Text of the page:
It's great that someone is heading the charge for better design and development. It's no suprise that most are unhappy with recent development downtown but until someone in a position to be heard did something about it not much was going to change.
In the artice Sarah Schafer, Boise's design review and historic preservation manager, said,
In drafting the guidelines, the city's objectives will include having buildings address the street by creating more pedestrian interaction, having an open second level, and integration of new designs with the historic character of downtown.
Does anyone know exactly what she meant by "open second level"? She could be referring to an open entry with 20+ foot ceilings but I am thinking that she might have meant buildings similar in design to where the Piper Pub is on Eighth and Main and The Balcony which is on the other side. I have long thought that more buildings of this nature would be great and foster an even greater restaurant and bar scene that could offer a view and provide some protection from the street. I thouroughly enjoy the restaurants that are street level on Eighth but having a homeless guy peer over your shoulder, shaking his ratty pompadour as he walks feet from your table is less than appealing when at a nice restaurant. The Emo's along there aren't much better. Looking down on the street life from the comfort of a balcony is a much more desireable location to me. A mix of both would be best, creating very unique three dimensional vibrancy.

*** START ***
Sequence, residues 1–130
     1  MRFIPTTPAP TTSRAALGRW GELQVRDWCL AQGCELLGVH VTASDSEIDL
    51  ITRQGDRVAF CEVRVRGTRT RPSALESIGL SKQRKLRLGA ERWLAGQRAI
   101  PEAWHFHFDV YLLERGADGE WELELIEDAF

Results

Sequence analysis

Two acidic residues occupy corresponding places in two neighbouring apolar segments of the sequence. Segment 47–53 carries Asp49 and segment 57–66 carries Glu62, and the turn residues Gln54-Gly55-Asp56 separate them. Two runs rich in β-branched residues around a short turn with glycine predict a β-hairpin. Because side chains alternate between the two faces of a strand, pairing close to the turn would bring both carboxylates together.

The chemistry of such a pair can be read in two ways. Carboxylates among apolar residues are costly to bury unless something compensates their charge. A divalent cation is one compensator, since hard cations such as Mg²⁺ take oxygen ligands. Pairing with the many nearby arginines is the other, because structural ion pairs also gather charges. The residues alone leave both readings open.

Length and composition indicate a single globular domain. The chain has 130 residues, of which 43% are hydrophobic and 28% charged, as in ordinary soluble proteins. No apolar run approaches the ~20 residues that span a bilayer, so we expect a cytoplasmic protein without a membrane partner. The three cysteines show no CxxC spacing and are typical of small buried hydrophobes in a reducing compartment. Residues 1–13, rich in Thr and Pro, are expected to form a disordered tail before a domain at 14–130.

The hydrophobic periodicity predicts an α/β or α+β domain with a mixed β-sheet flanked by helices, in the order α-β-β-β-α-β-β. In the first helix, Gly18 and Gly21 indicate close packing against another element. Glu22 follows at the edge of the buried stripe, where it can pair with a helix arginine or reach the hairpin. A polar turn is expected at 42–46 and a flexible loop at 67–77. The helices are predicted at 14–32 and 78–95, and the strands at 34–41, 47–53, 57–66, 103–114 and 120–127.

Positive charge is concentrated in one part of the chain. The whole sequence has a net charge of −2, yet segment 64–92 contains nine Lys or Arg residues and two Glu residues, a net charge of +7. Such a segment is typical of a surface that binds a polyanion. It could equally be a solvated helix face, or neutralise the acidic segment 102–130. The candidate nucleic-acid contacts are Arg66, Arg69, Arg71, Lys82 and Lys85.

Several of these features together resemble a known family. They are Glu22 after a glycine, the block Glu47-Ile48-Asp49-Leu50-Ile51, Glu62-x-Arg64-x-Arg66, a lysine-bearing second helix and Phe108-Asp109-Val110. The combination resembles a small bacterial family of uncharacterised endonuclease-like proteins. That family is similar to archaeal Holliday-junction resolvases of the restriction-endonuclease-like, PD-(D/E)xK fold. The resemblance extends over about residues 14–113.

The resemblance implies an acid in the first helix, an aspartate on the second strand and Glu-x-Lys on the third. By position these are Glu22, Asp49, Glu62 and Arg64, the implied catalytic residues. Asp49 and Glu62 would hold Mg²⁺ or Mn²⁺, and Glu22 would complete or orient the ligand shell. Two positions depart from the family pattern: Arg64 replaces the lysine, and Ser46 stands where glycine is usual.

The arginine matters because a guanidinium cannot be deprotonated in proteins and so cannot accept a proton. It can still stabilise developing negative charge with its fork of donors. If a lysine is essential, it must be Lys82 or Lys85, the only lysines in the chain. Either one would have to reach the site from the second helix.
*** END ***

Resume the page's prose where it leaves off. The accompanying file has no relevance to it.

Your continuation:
Contrary to Boisecynic I believe that the streetcar should come before lowering Front because doing Front first might scare off developers for several years while the work is done and not necessarily offer any marketable advantages. If the streetcar was developed first it would give developers something to work off of and market to while Front Street was under construction another few years after the streetcars completion. In other words, getting the streetcar stimulus item underway first is a better option in my opinion, helping to avoid or lessen the lapse in development that this monumental construction project would probably create. Just a thought...